'Sally's Concert' raises hundreds for hospital garden charity
A concert has raised hundreds of pounds for charity in memory of a woman who died suddenly in February.
Sally Kelway was 67 years old when she passed away unexpectedly on February 9.
The married mum of two who lived in Freiston before moving to Fulbeck 18 months ago, loved music and was part of the Festival Singers. They decided to hold a concert along with their conductor Stuart Freshney, on Saturday at St Vincent’s Church in Caythorpe as a tribute to Sally, one of their founding altos.
More than 200 people attended ‘Sally’s concert’ and listened to some of her favourite pieces from classic anthems including ‘Lead me Lord’ by Samuel Wesley and ‘All in an April Evening’ by Hugh Roberton to hits from Abba.
Sally’s love of Scotland was also highlighted with Paul Breslin playing a typical ceilidh dance medley on his accordion. The singers also sang “The Skye Boat Song”.
As well as the singers, Sally’s son Jack read a poem that he had written for his mother’s thanksgiving service called ‘Snowdrops’ and the St Vincent’s Handbells, with whom Sally used to ring for performed two pieces.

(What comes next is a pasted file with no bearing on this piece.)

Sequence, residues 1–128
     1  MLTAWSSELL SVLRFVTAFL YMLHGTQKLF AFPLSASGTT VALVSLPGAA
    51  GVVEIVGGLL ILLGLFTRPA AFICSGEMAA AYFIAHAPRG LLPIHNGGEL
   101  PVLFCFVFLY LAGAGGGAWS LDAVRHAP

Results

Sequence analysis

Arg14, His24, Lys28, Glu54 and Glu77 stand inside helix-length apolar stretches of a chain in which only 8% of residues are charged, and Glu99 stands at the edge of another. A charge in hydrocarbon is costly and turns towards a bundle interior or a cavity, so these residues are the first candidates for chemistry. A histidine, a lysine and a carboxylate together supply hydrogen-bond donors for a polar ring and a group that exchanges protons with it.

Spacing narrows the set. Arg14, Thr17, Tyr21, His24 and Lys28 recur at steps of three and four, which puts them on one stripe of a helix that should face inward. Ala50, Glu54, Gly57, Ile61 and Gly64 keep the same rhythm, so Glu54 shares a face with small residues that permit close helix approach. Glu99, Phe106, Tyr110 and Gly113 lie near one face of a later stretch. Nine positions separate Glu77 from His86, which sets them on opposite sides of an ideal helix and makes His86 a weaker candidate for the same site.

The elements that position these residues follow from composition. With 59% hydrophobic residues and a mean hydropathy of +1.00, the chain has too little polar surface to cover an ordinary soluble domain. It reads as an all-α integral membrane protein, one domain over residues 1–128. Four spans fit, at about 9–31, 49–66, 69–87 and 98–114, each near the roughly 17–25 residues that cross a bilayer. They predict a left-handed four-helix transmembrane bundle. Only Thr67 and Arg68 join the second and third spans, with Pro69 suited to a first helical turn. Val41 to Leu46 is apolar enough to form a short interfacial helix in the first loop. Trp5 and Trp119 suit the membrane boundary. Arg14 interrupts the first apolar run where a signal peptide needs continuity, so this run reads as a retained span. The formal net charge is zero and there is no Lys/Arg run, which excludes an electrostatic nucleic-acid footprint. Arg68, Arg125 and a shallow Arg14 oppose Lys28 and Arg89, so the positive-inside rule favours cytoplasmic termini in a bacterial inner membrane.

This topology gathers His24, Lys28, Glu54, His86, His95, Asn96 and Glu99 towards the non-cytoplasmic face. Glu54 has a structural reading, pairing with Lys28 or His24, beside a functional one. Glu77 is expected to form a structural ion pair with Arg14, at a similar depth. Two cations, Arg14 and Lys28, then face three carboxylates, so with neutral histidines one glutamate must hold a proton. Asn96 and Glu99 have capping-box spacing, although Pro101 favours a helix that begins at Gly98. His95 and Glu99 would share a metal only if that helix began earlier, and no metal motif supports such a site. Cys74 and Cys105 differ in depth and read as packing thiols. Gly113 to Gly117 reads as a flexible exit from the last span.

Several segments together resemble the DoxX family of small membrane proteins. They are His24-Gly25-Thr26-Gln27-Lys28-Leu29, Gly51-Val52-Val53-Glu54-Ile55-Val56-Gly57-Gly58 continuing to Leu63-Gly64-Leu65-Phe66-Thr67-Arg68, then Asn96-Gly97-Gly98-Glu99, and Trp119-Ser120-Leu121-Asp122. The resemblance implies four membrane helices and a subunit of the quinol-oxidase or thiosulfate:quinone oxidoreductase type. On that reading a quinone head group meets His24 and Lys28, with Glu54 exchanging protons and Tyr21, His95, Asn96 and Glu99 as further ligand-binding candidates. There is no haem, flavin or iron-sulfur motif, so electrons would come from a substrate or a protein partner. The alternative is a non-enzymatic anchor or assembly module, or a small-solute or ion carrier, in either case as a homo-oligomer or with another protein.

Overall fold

The audience dug deep and generously donated £802.24
Before passing away, Sally had always had a great love of gardening and was very involved with the formation of a new local charity, GROW, (Gardens Restore Our Wellbeing) who are aiming to design and build practical but tranquil gardens for patients, visitors and staff at Lincolnshire’s hospitals.
Fellow singer Liz Moses said: “We all thought that it was therefore appropriate that any donations that we received following ‘Sally’s Concert’ should be given to the GROW charity.
“This will enable the first garden at Grantham hospital to start shortly and work to commence on the next project.”